Sunday, April 26, 2009

Freemium: What would consumers pay for

Freemium business model seems an appropriate way to attract people to a service, while trying to make the business sustainable/profitable. However, what aspect of the service would somebody pay for?

From a service provider perspective, getting your audience to become subscriber is preferred. Event-based premium content (akin to pay-per-view) is a good bridge to get from the free world to the subscription world.

What kind of events would somebody pay for? One of my friends has been working on trying these models for a couple of years now. He said live data is the key. As a consumer I can relate to it. Live data can be multi-faceted:
  • Get access to information/event before others. Data services for businesses have been doing this for a while now.
  • Experience an event while on the run/road. Popularity of smart phones is driving this category. A significant portion of the billion Appstore downloads are of this segment.
There might be related information for which folks would pay for:
  • Inform when a friend/contact is in the vicinity
  • Event of interest taking place in the vicinity
The above is a pull-push model. Based on personal filter settings (static data) and location details (dynamic data), the consumer 'pulls' events of interest (primarily in the personal/social space).

Prima facie, a service that can take advantage of the above triggers would require:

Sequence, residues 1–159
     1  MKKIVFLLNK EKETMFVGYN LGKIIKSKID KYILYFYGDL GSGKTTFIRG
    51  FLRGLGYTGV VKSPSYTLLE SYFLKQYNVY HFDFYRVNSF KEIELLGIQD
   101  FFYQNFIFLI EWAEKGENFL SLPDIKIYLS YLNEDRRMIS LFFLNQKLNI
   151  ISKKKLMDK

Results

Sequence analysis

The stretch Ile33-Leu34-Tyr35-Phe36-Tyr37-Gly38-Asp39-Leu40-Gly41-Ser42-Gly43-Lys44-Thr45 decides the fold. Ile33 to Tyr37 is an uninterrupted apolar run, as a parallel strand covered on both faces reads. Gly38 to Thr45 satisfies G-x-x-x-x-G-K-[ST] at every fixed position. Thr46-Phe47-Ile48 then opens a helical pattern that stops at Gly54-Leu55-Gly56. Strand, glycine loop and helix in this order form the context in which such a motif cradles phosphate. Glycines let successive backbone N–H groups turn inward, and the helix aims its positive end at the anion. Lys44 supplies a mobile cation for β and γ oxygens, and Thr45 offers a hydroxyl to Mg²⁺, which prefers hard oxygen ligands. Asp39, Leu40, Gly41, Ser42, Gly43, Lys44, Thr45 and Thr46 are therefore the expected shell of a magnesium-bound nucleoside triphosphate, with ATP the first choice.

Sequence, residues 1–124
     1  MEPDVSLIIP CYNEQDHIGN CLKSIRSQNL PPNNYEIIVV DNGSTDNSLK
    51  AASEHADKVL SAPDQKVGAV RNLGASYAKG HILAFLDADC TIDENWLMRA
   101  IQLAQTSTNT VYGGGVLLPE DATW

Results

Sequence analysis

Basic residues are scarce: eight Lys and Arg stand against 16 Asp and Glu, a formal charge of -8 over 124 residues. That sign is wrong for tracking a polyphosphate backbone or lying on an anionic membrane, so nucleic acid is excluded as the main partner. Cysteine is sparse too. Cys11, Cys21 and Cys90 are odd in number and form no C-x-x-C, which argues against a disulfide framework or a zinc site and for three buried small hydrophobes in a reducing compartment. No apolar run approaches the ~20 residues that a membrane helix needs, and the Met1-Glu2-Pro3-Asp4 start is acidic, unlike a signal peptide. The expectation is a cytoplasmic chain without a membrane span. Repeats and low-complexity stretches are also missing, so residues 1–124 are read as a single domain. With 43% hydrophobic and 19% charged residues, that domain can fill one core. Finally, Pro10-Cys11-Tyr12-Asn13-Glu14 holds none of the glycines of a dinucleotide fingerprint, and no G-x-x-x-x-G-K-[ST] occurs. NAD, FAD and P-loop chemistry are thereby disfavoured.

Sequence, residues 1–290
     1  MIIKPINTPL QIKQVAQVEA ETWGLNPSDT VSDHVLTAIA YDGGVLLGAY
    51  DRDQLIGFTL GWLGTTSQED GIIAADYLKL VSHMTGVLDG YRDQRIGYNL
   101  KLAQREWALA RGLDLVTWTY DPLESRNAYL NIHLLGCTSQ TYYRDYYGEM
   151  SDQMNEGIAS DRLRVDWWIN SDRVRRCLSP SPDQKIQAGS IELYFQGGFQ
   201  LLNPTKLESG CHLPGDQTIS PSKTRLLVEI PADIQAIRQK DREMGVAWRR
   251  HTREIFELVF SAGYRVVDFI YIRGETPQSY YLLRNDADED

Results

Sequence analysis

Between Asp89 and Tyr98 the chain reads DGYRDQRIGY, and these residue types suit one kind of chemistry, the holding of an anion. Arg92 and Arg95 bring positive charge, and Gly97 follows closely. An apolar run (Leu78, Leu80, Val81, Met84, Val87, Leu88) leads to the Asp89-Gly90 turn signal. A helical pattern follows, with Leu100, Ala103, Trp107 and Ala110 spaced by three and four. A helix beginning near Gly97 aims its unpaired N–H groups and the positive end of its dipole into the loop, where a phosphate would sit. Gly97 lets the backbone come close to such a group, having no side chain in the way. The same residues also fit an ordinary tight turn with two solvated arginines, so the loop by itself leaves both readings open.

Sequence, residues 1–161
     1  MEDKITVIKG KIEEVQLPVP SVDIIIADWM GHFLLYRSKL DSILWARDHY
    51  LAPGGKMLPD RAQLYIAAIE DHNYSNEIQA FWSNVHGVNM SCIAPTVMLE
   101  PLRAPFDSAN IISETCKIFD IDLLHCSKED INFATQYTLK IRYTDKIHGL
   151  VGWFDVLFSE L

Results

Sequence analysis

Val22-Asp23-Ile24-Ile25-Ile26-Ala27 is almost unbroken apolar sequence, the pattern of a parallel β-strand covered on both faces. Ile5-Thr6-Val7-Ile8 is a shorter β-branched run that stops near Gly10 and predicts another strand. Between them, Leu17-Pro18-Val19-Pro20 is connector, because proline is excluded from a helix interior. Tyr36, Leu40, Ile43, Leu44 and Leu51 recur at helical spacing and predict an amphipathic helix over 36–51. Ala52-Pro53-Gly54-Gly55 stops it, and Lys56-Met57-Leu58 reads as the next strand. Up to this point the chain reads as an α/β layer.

• Support for mobile devices, as the above use cases involve user mobility
  • Sophisticated push engine: The success of BlackBerry service was based on their push model. If the guy pulls something, chances are that he wouldn't pay for it!
  • Micro-payments: Each of these events are atomic, and paid for prior to consumption
  • 1-click / Integrated payments: Make it easy for the consumer to get to what they want
The Apple Appstore is turning out to be a platform where interesting experiments are being tried as folks figure out a way for consumers to pay for services (more about this in another blog).

While on the topic of what consumers would pay for, would they pay for:
  • Identity: Would a parent pay to ensure that adults don't participate in kids conversations (for e.g., at a chat room)?
  • Security: The site must be secure, and that the information you share with the service is secure. To most people, this sounds like hygiene and should be covered by the service provider
What are your thoughts? Love to hear from you.

PS: Advertising revenues from businesses targeting the audience of the service is assumed to be a source of revenue.

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